According to Edward Hasbrouck, DHS has been collecting social media data since the Obama administration -- for at least five years. Hasbrouck works for The Identity Project, a civil liberties and human rights project focused on travel-related issues and freedom of movement.

He explains that under the Privacy Act of 1974, DHS should have gotten approval from the Office of Management and Budget before it started tracking social media information.

"This has been going on for at least five years without their complying with even those minimal notices that are supposed to give the public awareness of what's going on," he says. So now, he adds, the DHS has published this notice in order to legitimize what it has been doing....

Meanwhile, advocates like Hasbrouck also worry about the sheer amount of the data that gets collected and how it gets processed. "There's no way they have enough warm bodies to read this stuff," he says. "It's only going to be grist for the mill of robotic profiling."

Listen or download the podcast for more of this story.

Digital devices for world travellers


[Some of the mini-laptops and handheld computers I've used in my travels around the world since 1995. Back row, left to right: Gateway 2000 Handbook 486, Asus Eee PC 901, Panasonic Let's Note CF-R7. Front row, left to right: Psion netBook / Psion Series 7, Psion 5mx, Psion Revo Plus / Diamond Mako.] Among the most frequently-asked questions at my travel talks is, "What type of laptop computer, tablet, smartphone, or other digital device do you recommend that I bring with me on a trip around the world?" The answer begins, of course, with, "The smallest, lightest, and most rugged device that will meet your needs." But what device that is depends on your needs. Some people get by with a smartphone. But what if you need or want to write documents or blog posts or lengthy messages or do work that requires a keyboard, but you don't want to carry a "full-sized" (and fragile) laptop computer? You can carry a tablet, a separate (folding) keyboard, and some sort of case or stand to hold them both in the right position. But that tends to be awkward to use, and the whole kit typically weighs as much as a miniature laptop, "subnotebook", or "palmtop" computer with a built-in keyboard. Do miniature devices with "real" built-in keyboards really exist? Yes. Since 1995, when I first got a computer small enough to bring with me when I travel, I've had a succession of devices (as shown in the photo above) that are substantially smaller, lighter, and more rugged than any typical laptop. On any of these except the smallest (the Psion 5mx and Psion Revo at lower right), I could comfortably write and edit long documents. I wrote and edited most of my first book on the Gateway 2000 Handbook 486 at the top left, which is the next smallest of these devices. The problem isn't that devices like this don't exist, but that (with the exception of the brief popularity from 2007-2010 of the Eee PC and competing "netbooks" -- none of which came close to the build quality or performance of the Psion netBook from a decade earlier) relatively few people have been willing to pay the price of miniaturization or of higher quality construction for smaller and lighter devices that can stand up to travel. Most travellers in the USA go by car, not by plane, and have plenty of room in their vehicle for a full-sized laptop if they need it on the road. As a result, keyboard devices smaller and more expensive than a "standard" laptop have been niche products in the USA and many other parts of the world -- except in Japan and to a much lesser extent in Europe, where more business people travel by train and by mass transit. Few models or even product lines of smaller devices with keyboards -- again, except for some that are distributed only in Japan -- have been widely available or remained in production for very long. "Tiny" in the USA connotes "toy-like", and people expect toys to be (a) cheap and (b) not suitable for doing real work. Not so in Japan, where "tiny" connotes "finely crafted" and "precious". A Panasonic Let's Note is marketed in Japan (and not marketed at all in any other country) as a premium-priced jewel of a computer, not a cheap toy. The smallest current model, the Let's Note CF-RZ6a, is smaller than the first (and smallest) Eee PC in the photo above, but as powerful and full-featured as many "full-sized" contemporary laptops. Like the Psion netBook of 20 years ago, but unlike most other laptops or digital devices, it's designed and tested to withstand shock and vibration including being dropped onto a hard floor from the height of a desk -- a routine travel event that will crack the screen and often the case of most other laptops. I've dropped my Psion netBook off a podium onto a hard floor without it being damaged, and I've carried my Let'[...]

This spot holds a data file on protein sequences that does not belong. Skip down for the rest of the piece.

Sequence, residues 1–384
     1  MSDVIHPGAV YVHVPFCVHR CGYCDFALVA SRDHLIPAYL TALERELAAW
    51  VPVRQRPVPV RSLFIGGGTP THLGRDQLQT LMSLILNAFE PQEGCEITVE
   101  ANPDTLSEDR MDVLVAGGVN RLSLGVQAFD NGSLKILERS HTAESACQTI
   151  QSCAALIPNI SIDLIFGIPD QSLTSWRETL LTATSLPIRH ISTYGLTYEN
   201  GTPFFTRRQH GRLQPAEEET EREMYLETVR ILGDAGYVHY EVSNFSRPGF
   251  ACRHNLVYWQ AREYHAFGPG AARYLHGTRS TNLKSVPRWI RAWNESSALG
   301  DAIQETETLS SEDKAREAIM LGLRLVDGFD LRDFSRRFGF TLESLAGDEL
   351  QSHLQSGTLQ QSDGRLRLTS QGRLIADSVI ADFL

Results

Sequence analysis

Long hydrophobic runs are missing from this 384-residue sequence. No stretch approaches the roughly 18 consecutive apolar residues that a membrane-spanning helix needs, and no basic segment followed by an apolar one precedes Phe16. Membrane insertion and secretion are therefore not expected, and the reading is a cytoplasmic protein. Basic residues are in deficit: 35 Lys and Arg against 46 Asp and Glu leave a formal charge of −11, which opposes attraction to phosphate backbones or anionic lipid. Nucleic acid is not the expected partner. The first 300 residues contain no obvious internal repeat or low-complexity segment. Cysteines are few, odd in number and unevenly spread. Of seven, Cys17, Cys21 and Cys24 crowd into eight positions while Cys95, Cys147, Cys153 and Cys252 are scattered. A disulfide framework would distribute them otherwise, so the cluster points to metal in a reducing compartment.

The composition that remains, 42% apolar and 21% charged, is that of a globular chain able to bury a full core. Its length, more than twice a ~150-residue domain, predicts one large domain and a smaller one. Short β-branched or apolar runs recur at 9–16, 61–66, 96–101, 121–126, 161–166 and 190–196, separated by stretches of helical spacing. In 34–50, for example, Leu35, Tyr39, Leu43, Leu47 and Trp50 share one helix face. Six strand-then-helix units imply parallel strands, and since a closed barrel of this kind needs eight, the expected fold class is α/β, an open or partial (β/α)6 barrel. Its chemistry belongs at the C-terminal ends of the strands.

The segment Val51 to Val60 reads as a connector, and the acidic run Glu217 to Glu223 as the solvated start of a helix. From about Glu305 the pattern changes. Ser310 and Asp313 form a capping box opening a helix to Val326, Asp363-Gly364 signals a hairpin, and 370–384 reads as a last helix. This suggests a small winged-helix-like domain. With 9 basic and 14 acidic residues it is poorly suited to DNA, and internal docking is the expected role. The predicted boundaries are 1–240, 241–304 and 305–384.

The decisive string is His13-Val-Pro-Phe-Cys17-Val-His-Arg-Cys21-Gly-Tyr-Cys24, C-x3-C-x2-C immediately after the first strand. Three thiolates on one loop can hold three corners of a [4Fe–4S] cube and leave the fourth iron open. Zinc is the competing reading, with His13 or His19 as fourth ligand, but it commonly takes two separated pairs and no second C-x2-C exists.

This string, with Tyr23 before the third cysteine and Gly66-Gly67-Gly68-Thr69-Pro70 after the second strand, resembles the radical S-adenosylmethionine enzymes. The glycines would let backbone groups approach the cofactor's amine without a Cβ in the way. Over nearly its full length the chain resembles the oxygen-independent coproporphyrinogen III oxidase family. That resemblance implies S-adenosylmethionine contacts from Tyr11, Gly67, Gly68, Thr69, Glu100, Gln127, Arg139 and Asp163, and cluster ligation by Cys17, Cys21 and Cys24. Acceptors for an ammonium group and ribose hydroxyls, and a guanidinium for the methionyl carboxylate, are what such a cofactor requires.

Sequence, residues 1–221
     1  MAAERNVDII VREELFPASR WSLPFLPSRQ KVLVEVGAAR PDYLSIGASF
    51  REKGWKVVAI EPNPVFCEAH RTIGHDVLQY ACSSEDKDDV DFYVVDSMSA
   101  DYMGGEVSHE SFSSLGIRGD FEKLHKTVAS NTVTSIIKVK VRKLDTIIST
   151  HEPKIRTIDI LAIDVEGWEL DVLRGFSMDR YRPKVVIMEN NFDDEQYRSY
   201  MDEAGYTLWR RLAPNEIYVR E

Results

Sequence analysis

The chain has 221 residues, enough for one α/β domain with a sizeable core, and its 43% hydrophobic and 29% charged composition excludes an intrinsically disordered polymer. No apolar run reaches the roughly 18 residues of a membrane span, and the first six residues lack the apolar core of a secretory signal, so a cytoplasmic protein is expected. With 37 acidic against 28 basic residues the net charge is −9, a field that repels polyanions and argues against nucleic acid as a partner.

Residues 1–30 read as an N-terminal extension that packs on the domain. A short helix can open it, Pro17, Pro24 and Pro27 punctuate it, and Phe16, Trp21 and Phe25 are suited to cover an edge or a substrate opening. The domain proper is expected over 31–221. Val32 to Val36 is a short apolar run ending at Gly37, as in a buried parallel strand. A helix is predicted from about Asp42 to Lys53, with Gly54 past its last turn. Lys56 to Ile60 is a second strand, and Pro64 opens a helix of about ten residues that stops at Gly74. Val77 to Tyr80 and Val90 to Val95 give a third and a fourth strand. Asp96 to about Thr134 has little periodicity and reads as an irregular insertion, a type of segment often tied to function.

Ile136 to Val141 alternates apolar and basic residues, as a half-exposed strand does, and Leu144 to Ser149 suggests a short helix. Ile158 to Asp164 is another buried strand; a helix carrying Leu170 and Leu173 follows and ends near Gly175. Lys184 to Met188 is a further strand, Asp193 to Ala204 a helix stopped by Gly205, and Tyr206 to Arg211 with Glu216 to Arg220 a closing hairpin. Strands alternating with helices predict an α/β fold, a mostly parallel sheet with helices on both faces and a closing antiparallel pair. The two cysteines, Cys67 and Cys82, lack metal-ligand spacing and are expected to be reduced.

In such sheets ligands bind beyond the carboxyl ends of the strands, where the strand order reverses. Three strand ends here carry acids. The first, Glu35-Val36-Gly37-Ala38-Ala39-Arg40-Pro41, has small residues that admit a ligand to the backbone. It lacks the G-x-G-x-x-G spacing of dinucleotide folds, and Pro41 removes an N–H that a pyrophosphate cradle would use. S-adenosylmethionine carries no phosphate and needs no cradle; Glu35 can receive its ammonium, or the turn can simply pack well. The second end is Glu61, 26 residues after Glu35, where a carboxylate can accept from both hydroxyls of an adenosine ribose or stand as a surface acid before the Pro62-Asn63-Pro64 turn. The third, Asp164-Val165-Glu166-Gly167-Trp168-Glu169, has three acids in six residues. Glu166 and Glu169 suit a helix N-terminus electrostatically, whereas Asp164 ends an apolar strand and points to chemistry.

What would happen if a robot got hit by a train?